London for the Girls
Newsflash: January is an excellent month to travel to Europe. The perception is that it is cold and miserable, a post holiday downer. I took full advantage of the travel discounts attached to this myth and hightailed it to London with my college BFF. Orchestrating this girls’ getaway wasn’t easy. But, through sly mileage machinations (my seven month advance purchase of an “off-peak” fare was reasonable. So, I used AA miles to upgrade. My pal sniffed out an American Express promotion that yielded 50k points that she transferred into her Delta Sky Miles account. The total cost of her ticket ? $200.) we pulled it off and were able to ditch our kids for 96 hours of unfettered fun.
Upon arrival at the Mandarin Oriental (selected for its primo location and excellent spa), we stowed our gear (and jet lag) and set the tone with a few glasses of “bubbles” (Brit speak for champagne) in the hotel’s swanky, new Rosebery Room. Then, we were off. First stop? The Wedding Dresses exhibition at the Victoria & Albert Museum, a must-see for fashion lovers. The show chronicles the evolution of the white wedding dress from 1774-2014 with standout pieces from Charles Worth, Norman Hartnell, Vivienne Westwood, John Galliano and Vera Wang. Continuing with the fashion theme, we headed over to Notting Hill to trawl vintage shops. Aside from clothing, this gritty/glam area is filled with taxidermy and decades’ old Brit- specific tabletop curiosities. I love rogue branding. So, checking out the wacky Bright Old Things window display at Selfridge’s was on the docket. This homage to fourteen AARP aged artistes confirmed my belief that the old dears have far more moxie than millennials.
When I travel, I have a rule: only buy things that cannot be found at home. Translation? Avoid homogenous high streets and hunt for standout spots that could not exist anywhere else in the world. In London, this spot is Jermyn Street. Since 1664, this historic street (and the interior arcades that spring from the main drag) has been home to heritage purveyors of haberdashery, fragrance, leather and foodstuffs. Of specific interest is the fact that many of these shops hold the coveted royal warrant, a “by appointment to the queen” crest signifying exceptionally high quality. I bought a jaunty Donegal tweed newsboy cap at Bates Gentlemen’s Hatter (est 1898), some bath gel for my daughters at Floris (est 1730) and then embarked on a taste test of chocolate and cheese from two brands Prestat (est 1902) and Paxton & Whitfield (est 1797) purported to be the Queen’s favorites. Around the corner, we took tea (or, in my case, more bubbles) amongst the social swans at The Wolseley and finished up the day with a look-see at Liberty of London (est 1875) known for exuberant prints.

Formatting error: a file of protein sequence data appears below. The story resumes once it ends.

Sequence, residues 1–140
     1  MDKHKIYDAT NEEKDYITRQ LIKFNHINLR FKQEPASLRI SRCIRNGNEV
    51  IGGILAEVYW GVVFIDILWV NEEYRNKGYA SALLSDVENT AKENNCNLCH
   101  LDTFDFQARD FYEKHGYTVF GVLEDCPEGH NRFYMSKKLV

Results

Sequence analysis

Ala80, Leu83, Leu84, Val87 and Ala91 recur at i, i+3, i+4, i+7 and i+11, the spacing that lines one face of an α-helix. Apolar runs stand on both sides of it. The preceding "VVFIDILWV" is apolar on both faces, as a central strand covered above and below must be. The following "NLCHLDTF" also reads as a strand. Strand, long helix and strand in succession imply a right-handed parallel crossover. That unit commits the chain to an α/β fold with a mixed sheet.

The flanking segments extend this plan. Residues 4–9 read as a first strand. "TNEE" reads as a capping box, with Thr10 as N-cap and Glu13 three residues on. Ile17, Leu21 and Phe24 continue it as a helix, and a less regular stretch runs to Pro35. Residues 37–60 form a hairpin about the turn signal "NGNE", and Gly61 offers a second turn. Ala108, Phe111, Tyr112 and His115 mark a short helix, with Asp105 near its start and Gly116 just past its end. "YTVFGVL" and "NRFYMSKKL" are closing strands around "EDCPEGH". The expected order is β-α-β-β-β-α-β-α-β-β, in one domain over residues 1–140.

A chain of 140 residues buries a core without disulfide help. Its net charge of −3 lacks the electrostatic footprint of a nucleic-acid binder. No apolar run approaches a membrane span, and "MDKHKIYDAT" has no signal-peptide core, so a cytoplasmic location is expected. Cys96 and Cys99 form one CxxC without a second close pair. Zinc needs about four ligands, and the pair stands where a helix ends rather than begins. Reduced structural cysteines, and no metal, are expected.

Our last day, we explored the art galleries and the hipster outposts of Shoreditch, the burgeoning East London neighborhood. We could have easily called it a night after massages at Cowshed Spa. But, I had heard about the fancy pants’ (high density ice! 3D drinks that change flavor! Beverages based on literary themes!) cocktails at The Artesian Bar inside The Langham hotel and was intent on one last blast of glamour before our early morning flight. Let’s just say that my gin-based Camouflage cocktail (from the newly minted “Unfolding and Exploring” themed drinks’ menu) did not disappoint. The taste was light and refreshing. But, the presentation was what delighted. Served in a brass pineapple, the server lifted the lid for a playful reveal: smoky incense nesting on a bed of exotic flowers and orange rind. This, like the getaway, was a perfect jolt to the senses.
Amy Tara Koch is Travel + Leisure's Chicago Local Expert.